William Powell Frith (19
January 1819 9 November 1909) was an English painter[
specialising in genre subjects and panoramic narrative works
of life in the Victorian era. He was elected to the Royal
Academy in 1853, presenting The Sleeping Model as his
Diploma work. He has been described as the "greatest British
painter of the social scene since Hogarth".
Life and career
Born in Aldfield, North Yorkshire, Frith was encouraged to
take up art by his father, a hotelier in Harrogate. He moved
to London in 1835 where he began his formal art studies at
Sasss Academy in Charlotte Street, before attending the
Royal Academy Schools. Frith started his career as a
portrait painter and first exhibited at the British
Institution in 1838. In the 1840s he often based works on
the literary output of writers such as Charles Dickens,
whose portrait he painted, and Laurence Sterne.
He was a member of The
Clique, which also included Richard Dadd. The principal
influence on his work was the hugely popular domestic
subjects painted by Sir David Wilkie. Wilkie's famous
painting The Chelsea Pensioners was a spur to the creation
of Frith's own most famous compositions. Following the
precedent of Wilkie, but also imitating the work of his
friend Dickens, Frith created complex multi-figure
compositions depicting the full range of the Victorian class
system, meeting and interacting in public places. In
Ramsgate Sands, Life at the Seaside (1854) he depicted
visitors and entertainers at the seaside resort. He followed
this with The Derby Day, depicting scenes among the crowd at
the race at Epsom Downs, which was based on photographic
studies by Robert Howlett. This 1858 composition was bought
by Jacob Bell for £1,500. It was so popular that it had to
be protected by a specially installed rail when shown at the
Royal Academy of Arts. Another well-known painting was The
Railway Station, a scene of Paddington station. In 1865 he
was chosen to paint the Marriage of the Prince of Wales.
His 1858 painting The Crossing Sweeper has been described as
breaking "new ground in its description of the collision of
wealth and poverty on a London street."
Later in his career he
painted two series of five pictures each, telling moral
stories in the manner of William Hogarth. These were the
Road to Ruin (1878), about the dangers of gambling, and the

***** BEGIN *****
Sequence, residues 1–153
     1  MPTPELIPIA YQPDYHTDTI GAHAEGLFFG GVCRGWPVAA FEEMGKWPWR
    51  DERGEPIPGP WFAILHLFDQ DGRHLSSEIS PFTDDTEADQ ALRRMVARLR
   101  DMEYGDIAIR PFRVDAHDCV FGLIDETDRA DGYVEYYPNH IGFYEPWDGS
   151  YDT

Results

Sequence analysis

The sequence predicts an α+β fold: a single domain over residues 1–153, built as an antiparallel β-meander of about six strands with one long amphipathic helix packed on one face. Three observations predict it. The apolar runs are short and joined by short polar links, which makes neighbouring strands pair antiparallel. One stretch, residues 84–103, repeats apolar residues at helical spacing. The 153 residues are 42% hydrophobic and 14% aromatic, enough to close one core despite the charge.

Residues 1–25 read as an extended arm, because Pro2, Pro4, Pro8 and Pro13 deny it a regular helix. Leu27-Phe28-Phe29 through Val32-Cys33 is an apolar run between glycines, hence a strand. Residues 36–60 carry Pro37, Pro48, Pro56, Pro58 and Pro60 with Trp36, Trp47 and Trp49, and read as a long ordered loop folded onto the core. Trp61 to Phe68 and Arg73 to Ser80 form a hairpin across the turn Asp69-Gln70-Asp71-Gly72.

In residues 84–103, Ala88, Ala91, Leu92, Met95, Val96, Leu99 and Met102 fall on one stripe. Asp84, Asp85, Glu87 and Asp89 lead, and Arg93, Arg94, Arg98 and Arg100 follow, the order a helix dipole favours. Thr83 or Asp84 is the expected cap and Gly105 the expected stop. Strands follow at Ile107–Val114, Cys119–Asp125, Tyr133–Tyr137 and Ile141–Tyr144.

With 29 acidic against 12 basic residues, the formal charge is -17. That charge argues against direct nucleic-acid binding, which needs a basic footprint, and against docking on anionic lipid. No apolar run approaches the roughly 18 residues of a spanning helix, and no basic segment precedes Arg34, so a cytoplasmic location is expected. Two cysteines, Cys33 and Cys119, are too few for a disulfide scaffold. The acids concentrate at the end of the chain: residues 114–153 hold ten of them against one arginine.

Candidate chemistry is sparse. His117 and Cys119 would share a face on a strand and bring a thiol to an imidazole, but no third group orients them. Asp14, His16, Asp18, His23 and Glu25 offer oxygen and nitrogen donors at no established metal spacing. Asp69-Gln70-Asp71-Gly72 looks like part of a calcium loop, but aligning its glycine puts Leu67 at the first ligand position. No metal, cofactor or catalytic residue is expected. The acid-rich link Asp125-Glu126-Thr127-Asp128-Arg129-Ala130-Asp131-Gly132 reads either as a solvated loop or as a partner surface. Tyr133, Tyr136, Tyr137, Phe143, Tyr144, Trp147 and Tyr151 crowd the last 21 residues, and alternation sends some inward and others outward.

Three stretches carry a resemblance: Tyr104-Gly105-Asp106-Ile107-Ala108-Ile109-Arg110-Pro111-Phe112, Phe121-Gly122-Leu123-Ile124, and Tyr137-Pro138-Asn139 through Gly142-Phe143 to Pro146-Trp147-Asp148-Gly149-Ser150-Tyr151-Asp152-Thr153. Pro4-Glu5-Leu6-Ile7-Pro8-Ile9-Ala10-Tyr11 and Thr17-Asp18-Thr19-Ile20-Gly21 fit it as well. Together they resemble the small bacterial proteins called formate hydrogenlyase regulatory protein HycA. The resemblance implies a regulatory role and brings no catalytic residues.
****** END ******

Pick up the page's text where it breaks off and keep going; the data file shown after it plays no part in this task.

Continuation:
Race for Wealth (1880) about reckless financial speculation.
He retired from the Royal Academy in 1890 but continued to
exhibit until 1902.
Frith was a traditionalist
who made known his aversion to modern-art developments in a
couple of autobiographies My Autobiography and
Reminiscences (1887) and Further Reminiscences (1888) and
other writings. He was also an inveterate enemy of the
Pre-Raphaelites and of the Aesthetic Movement, which he
satirised in his painting A Private View at the Royal
Academy (1883), in which Oscar Wilde is depicted discoursing
on art while Frith's friends look on disapprovingly. Fellow
traditionalist Frederic Leighton is featured in the
painting, which also portrays painter John Everett Millais
and novelist Anthony Trollope.
Frith lived a curious
domestic life married to Isabelle with twelve children,
whilst a mile down the road maintaining a mistress (Mary
Alford, formerly his ward) and seven more children all a
marked contrast to the upright family scenes depicted in
paintings like Many Happy Returns of the Day. Frith married
Mary on the death of Isabelle in 1880. In his later years he
painted many copies of his famous paintings, as well as more
sexually uninhibited works, such as the nude After the Bath.
A well-known raconteur, his writings, most notably his
chatty autobiography, were very popular.
In 1856 Frith was
photographed at "The Photographed Institute" by Robert
Howlett, as part of a series of portraits of "fine artists".
The picture was among a group exhibited at the Art Treasures
Exhibition in Manchester in 1857.
Frith was great uncle and
an advisor to the English school portrait painter Henry
Keyworth Raine (18721932 ).
Frith is buried in Kensal
Green Cemetery, London W10.
Exhibitions and legacy
The first major retrospective in Frith's native Britain for
half a century was staged at the Guildhall Art Gallery,
London in November 2006. It transferred to Mercer Art
Gallery in Harrogate, North Yorkshire in March 2007. Frith's
study for his last major work, The Private View, 1881, is in
the Mercer Art Gallery. Frith has paintings in the
collection of several British institutions including Derby
Art Gallery, Sheffield, Harrogate and the Victoria and
Wikipedia, the free encyclopedia
Portrait of a Lady with a Fan
Portrait of a Young Girl
Portrait of Two Girls
Poverty and Wealth
The Private View of the Royal
The Railway Station
The Rejected Poet
A Royal Princess
The Salon d'Or, Homburg
Sancho Panza Tells a Tale to the
Duke and Duchess (from Cervantes' 'Don Quixote')
Scene from 'A Sentimental
Scene from Laurence Sterne's 'A
A Scene from 'Le Bourgeois
Scene from 'The Spectator'